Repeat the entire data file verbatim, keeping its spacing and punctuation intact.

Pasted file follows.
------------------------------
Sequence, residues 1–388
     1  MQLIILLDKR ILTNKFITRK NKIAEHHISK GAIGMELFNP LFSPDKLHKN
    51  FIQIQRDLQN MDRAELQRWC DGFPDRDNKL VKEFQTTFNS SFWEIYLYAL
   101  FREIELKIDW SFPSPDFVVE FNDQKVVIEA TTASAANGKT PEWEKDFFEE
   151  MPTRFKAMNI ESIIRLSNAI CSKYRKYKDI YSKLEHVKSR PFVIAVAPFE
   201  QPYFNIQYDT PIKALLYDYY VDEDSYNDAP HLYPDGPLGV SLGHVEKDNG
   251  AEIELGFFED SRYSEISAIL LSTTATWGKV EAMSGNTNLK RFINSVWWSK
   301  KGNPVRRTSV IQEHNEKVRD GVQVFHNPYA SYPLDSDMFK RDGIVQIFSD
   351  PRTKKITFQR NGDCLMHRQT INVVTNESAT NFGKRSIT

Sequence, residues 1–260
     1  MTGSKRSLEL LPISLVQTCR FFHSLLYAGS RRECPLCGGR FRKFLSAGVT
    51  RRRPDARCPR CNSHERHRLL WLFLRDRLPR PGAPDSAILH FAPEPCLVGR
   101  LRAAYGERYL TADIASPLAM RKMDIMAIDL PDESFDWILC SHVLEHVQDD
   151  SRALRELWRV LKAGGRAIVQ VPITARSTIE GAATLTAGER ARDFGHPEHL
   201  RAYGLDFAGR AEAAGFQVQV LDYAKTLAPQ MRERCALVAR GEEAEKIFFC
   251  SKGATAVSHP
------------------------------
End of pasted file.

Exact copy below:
Sequence, residues 1–388
     1  MQLIILLDKR ILTNKFITRK NKIAEHHISK GAIGMELFNP LFSPDKLHKN
    51  FIQIQRDLQN MDRAELQRWC DGFPDRDNKL VKEFQTTFNS SFWEIYLYAL
   101  FREIELKIDW SFPSPDFVVE FNDQKVVIEA TTASAANGKT PEWEKDFFEE
   151  MPTRFKAMNI ESIIRLSNAI CSKYRKYKDI YSKLEHVKSR PFVIAVAPFE
   201  QPYFNIQYDT PIKALLYDYY VDEDSYNDAP HLYPDGPLGV SLGHVEKDNG
   251  AEIELGFFED SRYSEISAIL LSTTATWGKV EAMSGNTNLK RFINSVWWSK
   301  KGNPVRRTSV IQEHNEKVRD GVQVFHNPYA SYPLDSDMFK RDGIVQIFSD
   351  PRTKKITFQR NGDCLMHRQT INVVTNESAT NFGKRSIT

Sequence, residues 1–260
     1  MTGSKRSLEL LPISLVQTCR FFHSLLYAGS RRECPLCGGR FRKFLSAGVT
    51  RRRPDARCPR CNSHERHRLL WLFLRDRLPR PGAPDSAILH FAPEPCLVGR
   101  LRAAYGERYL TADIASPLAM RKMDIMAIDL PDESFDWILC SHVLEHVQDD
   151  SRALRELWRV LKAGGRAIVQ VPITARSTIE GAATLTAGER ARDFGHPEHL
   201  RAYGLDFAGR AEAAGFQVQV LDYAKTLAPQ MRERCALVAR GEEAEKIFFC
   251  SKGATAVSHP